Your secondary customers – the others who depend on you to make/review entries and perform accountant-like duties. These secondary customers can influence your primary customer so you should always be ON. Piss off a peer and the salt will leak into your brand overnight.

Good customer service means being reliable, likable and knowledgeable. Always deliver what you’ve committed to delivering (under promise but over deliver). No one can recall the times when you came in on schedule, but they damn well will remember if you’re early (sandbag – yeah I said it).

Customer Service

Finally, don’t ever deliberately piss off your customer. A pissed off customer will remember. In fact, the negative experience you provided will last longer in his memory than anything positive you’ve done. And so … in the long chance that he has the ability to influence your career growth, guess which way he’ll go.

Think of yourself as a brand like Nike, Amazon, Zappos etc. Your reputation can make or break your brand. The best way to cultivate a great reputation is to provide great customer service.

Is success possible in a rigged system?


Income inequality exists and continues to widen because the rich keep getting wealthier and earn higher incomes while the middle class and low wage earners lose out. Sadly, majority of us Americans, being the ever optimists, don’t believe that we are part of the “have-nots.” Instead, we live in the illusion of “can-have” i.e. “I can be successful if I work hard” or “I can be wealthy if I invent the next app” or “I will be well paid once I reach the upper management of my company.”

In reality, the system is rigged against you from the beginning. If you weren’t born into the top 5% wealth society, you’re already way behind. If you went to a public school, you’re further behind. If you went to a non-Ivy League school, you’ve screwed yourself. If you joined an entry-level job at your company instead of a leadership program, you’re so far behind that your chances of becoming truly successful are minuscule.


This is not to scare you into giving up or discourage you from trying. This is to inspire you! Success IS possible … even in this rigged system. It just means you need to actively manage your success. No longer can you rely on your hard work alone.

The great thing about the capitalistic corporate world is that at the end of the day, it is cold, calculating and truly dedicated to self-interest. Therefore, if you can convince the corporation that having you around is in it’s best interest, you become valuable. When you become valuable, you become successful.

The goal is to prove that you are, in fact, a valuable asset. In fact, you have to be the most valuable asset to get to the top.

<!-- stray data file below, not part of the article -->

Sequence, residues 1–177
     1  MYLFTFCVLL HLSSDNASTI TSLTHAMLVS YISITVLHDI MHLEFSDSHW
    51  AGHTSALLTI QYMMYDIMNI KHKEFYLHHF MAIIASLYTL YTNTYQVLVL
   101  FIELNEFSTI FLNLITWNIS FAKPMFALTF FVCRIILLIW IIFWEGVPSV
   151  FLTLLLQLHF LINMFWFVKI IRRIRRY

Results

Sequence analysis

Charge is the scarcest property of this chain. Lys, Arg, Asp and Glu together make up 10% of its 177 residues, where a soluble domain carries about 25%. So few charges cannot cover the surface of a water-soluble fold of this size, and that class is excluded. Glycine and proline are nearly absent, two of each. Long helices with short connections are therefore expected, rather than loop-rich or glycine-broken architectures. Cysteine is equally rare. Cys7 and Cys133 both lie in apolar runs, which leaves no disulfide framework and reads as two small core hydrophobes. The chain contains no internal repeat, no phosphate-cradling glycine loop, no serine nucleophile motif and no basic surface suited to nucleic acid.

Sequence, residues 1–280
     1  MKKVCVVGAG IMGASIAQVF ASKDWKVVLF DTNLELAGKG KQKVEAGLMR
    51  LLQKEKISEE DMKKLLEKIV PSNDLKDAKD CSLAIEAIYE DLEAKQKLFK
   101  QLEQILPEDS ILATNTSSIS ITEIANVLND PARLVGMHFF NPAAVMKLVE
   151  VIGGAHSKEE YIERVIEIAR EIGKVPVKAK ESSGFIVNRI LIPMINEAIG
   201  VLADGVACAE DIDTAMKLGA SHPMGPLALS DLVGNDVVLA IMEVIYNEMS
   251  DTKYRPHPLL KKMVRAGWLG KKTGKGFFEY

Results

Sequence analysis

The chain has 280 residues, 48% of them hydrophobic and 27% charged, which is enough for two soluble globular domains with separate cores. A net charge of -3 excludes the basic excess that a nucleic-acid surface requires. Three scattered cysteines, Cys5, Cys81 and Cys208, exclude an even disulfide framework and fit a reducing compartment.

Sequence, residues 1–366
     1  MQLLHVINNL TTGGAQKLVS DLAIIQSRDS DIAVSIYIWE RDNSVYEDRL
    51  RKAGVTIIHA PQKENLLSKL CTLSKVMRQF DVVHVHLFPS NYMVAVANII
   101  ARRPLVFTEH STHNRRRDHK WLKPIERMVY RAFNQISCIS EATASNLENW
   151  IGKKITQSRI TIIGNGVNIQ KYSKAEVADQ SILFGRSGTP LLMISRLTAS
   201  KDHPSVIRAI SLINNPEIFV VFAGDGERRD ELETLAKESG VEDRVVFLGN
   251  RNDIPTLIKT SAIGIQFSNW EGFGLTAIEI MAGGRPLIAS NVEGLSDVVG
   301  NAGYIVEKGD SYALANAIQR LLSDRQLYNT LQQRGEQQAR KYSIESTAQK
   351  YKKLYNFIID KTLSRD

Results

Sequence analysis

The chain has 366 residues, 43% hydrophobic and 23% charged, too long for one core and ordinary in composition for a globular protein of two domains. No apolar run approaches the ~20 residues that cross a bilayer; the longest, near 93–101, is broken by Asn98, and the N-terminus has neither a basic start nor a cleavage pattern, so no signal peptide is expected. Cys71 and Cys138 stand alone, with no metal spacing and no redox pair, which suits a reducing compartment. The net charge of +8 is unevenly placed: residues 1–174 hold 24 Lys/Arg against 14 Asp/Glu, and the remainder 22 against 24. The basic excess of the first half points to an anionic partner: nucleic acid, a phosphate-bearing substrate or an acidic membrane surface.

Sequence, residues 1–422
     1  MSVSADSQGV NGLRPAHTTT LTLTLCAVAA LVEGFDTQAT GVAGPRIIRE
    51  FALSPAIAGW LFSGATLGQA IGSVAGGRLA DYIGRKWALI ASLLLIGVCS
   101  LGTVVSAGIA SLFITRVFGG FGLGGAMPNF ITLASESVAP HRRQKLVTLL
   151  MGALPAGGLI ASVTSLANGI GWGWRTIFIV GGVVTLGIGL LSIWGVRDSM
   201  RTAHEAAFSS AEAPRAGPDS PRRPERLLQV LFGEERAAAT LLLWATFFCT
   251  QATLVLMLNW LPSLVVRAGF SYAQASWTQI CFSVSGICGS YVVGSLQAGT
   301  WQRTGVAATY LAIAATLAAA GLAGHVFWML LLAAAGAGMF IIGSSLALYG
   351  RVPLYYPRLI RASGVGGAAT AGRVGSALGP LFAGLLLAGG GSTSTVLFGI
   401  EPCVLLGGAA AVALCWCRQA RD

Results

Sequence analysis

Proving yourself to be an asset requires that you, like the sharp blade of a ninja’s sword, are constantly polishing yourself. You must perfect your body, your mind, your spirit and your entire psychological being with only one goal – to get to the top.

Only then are you a true Korporate Klimber.

Five things you’re doing wrong at work

Career Sabotage

One of my favorite magazines just came out with a great article on the five things you could be doing to hurt your career.

FastCompany spoke to career experts about unwitting actions at the office that may be derailing your career.

1. Being hard on yourself when you fail

Failure happens. But you hurt your career when you let the fear of failure prevent you from sharing new ideas or taking risks. Instead, assess the cause of failure: was it due to lack of support from senior leaders? was it sabotaged? did you fail to plan or communicate appropriately? was it you? or was it due to external influences? Leverage your learnings to ensure success on the next project.


2. Thinking that self promotion is unprofessional

The Korporate Klimber is a big proponent of self-promotion. No one knows you better than you do. So, if you’re not touting your strengths and not sharing your achievements with others, you’re letting opportunities slip by you. Just don’t be a self-centered douche about it. Be classy by promoting the success of your project and the people involved.

3. Not being a team player

Sometimes, smart, ambitious people get frustrated because others on their team aren’t as smart, as motivated, or as dedicated to a project so they just say “fuck-it” and do everything on their own. This is a bad idea. Not only do you alienate yourself, you’re also sowing the seeds of jealousy and general discontent. If you piss people off, they’re less likely to help you in the future and more likely to take pleasure in watching you fail. Don’t be an island. You may want to laugh at the idea of holding hands and singing kumbaya with your fellow co-workers, but trust me … it is a good career move.

4. Not soliciting feedback constantly

Don’t wait for the annual performance review to find out what your boss really thinks of you. Instead, get in front of him at least once a quarter and ask for his feedback. Get him to help you find your weaknesses and work on them before he puts them down in an official company record at year-end. Jump on any opportunities for a 360-degree feedback.

5. Staying only in your comfort zone

Nothing kills a career faster than someone who doesn’t want to take on new responsibilities and expand their role. If you’re offered a chance to work on something beyond your daily responsibilities, jump on it immediately. But be smart and take on work that has high visibility. Avoid taking on thankless grunt work from your co-worker. Do take on thankless grunt work from your boss and other leaders.